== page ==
Defamer.com has a new position: Managing Editor. And it's Mark Graham! Wooooo!! Defamer has always been the most consistently high-quality GM site, and between Marks Lisanti and Graham it's poised to be part of the general "quality writing trumps cheap lazy salaciousness" blog trend that will finally happen in 2008 hopefully please god. Congratulations, Mark!
I got the one from a few years ago and I wore it like every day. As you can see from the photos of the hot girls, the shirts are very asset-enhancing. And that's the last time I'm ever going to say anything like that. Get one!
I got an email after I wrote about Lloyd Dobler costumes a couple weeks ago from a guy named Jon from Toronto who was already hard at work on his Lloyd Dobler audio/visual masterpiece. Here it is (imagine the boom box blasting Peter Gabriel, because it was):
If you're like me, you frequently become enraged at the way the internet controls your life. You have no need for a "boss button" because the entire effing web is your boss button and and you long for the simplicity of a blank Excel document or, even better, a cabin in the woods off the grid and untouched by the medium that simultaneously feeds and destroys you like the semen of one of Angelina Jolie's ex boyfriends.
UPDATE: What a beautiful dream that could flash on the screen in a blink of an eye and be gone: It doesn't sync well and ends too early, but the juxtaposition with Aeroplane made my neurons fire like crazy. Just paste this in on Stereogum. (Thanks to Jen, obvs!)
There are certain moments, as a blogger, when one stumbles upon, quite accidentally, a spot on the internet, a link, a thing, that is so magnificent, so unintentionally genius, so of the zeitgeist, so transcendent of anything one would ever come across intentionally in one's meticulously Google-Reader-tagged world, that one is faced with the dilemma of wanting to keep it, to jealously hoard it to oneself, to write an entire novel in the voice of the Tom-Perotta's-Election-esque character who so un-self-awarely shared it with the world before anyone else gets that idea too and actually does it, to read aloud from it on stage at one's next Ritalin Reading, if one co-hosts such a reading series, to print it out and memorize every word, to marvel at its utter perfection as a piece of satire, in this very time and place, this April 2007 of our lives, and to wonder: will I ever create something as good as this, including gardens, friendships, and/or children?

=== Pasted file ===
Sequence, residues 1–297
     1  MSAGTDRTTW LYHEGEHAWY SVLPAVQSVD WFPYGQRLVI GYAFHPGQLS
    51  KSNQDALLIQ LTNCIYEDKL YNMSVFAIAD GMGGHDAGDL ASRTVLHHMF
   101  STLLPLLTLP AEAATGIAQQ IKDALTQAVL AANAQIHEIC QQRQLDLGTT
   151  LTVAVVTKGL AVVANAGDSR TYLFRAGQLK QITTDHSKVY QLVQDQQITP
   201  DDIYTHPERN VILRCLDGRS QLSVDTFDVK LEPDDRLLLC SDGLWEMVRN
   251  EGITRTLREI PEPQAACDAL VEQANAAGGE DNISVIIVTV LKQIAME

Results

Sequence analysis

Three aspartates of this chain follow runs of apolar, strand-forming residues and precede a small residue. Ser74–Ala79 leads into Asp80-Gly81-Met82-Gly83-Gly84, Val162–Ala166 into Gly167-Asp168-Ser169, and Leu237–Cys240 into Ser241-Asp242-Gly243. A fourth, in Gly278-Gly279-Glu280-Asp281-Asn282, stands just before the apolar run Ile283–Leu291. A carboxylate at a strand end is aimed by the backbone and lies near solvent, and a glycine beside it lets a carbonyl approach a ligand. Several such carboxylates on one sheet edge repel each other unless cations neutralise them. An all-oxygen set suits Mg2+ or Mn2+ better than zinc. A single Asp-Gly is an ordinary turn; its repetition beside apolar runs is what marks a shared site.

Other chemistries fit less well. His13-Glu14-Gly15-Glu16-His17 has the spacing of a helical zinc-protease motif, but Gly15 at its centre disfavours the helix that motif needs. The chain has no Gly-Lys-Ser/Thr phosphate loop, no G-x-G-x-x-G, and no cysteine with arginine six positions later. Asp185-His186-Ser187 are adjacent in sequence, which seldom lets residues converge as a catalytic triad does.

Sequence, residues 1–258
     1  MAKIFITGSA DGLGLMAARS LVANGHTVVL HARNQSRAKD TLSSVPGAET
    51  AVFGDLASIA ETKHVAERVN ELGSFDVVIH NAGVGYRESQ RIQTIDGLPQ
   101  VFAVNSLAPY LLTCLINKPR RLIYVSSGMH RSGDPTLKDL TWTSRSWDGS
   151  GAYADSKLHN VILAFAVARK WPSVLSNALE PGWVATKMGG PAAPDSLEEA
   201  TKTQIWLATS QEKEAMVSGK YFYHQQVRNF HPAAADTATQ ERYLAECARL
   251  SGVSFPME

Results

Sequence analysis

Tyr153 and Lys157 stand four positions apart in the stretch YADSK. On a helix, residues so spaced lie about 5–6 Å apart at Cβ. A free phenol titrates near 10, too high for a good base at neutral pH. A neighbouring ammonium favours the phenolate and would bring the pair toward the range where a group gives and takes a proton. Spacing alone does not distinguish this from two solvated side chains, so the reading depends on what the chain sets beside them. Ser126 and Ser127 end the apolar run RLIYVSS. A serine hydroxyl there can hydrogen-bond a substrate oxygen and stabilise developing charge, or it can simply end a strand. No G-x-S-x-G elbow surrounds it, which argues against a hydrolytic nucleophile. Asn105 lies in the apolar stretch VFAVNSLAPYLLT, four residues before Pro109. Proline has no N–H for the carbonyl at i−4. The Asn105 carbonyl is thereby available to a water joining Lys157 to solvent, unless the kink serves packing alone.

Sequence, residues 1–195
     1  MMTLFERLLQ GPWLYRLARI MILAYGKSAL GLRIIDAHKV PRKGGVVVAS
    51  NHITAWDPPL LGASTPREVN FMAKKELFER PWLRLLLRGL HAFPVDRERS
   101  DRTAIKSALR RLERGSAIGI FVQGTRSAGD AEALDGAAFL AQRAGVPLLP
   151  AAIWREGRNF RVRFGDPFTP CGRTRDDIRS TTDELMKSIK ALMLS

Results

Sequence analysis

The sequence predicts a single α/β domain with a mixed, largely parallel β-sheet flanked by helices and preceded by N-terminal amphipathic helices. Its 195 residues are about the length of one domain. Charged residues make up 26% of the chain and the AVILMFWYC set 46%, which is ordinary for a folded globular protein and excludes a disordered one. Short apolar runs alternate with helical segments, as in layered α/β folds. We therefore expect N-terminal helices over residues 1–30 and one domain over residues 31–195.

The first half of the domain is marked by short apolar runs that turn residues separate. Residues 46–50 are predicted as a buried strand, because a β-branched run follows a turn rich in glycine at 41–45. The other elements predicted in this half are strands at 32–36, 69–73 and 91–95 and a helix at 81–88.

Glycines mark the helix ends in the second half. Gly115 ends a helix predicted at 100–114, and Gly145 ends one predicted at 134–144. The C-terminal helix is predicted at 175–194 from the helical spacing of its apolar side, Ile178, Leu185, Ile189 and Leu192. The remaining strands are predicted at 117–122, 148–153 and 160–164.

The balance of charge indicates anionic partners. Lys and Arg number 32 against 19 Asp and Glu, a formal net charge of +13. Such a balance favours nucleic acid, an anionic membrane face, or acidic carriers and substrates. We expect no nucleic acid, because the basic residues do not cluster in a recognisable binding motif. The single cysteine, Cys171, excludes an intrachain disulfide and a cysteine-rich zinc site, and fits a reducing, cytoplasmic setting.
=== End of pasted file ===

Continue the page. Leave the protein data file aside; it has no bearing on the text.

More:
(Triptych of the East River Impromptu Bonfire in Williamsburg, August 14, 2003, by Sarah Balcomb. Click to enlarge.)
So, the totally not surprising rumor is there could be another blackout tonight. I know, there probably won't be, but the blackout of '03 was one of the best nights of my life (and probably yours, too.)
So now I'm all nostalgic and achey and wistful and full of longing all of a sudden, so I've dug up some Blackout-related stuff from the old version of this website. (You know, before I was seduced and corrupted by the glamorous-yet-ultimately-empty blogging scene.)
After the blackout, I asked some of my friends for their own blackout stories and photos, which can be found here (and are still awesome.)
I also wrote up my own blackout story for Knot Magazine three days later. Reading it for the first time in three years, I wince at how bad it is (A "subtle" 9/11 reference in the first sentence? Oh, Lindsay of '03, I just wanna muss your already-messy hair.)
But there it is, in all its sentimental, style-less glory, and it represents a much more idealistic time in my life that I would kill to get back, so there.
But don't click, here's the gist:
* Sarah Balcomb and I rode our bikes around darkened Williamsburg with backpacks full of cheap cabernet that we shared with everyone we encountered.
* At one point I stripped and did a Lady-Godiva-on-a-bike-but-with-short-hair thing for like thirty terrifying seconds in the middle of McCarren Park. (Future games of "I Never" would benefit.)
*A guy stole Sarah's bike from its kickstand-spot five feet away from us, and was not deterred by Sarah's thrown shoe or my expletives.
*Before we left the bonfire, we waded into the East River to properly send off our melodramatic message-in-a-bottle: "It is the night of the Blackout, and we are drunk..."
* Then we wandered from Williamsburg bar to Williamsburg bar with an ever-growing group of people whose faces we never properly saw, until we stumbled home at dawn.
In short: best.night.ever.
(I'm allowed to navel-gaze four times per year, okay? It's in the rules.)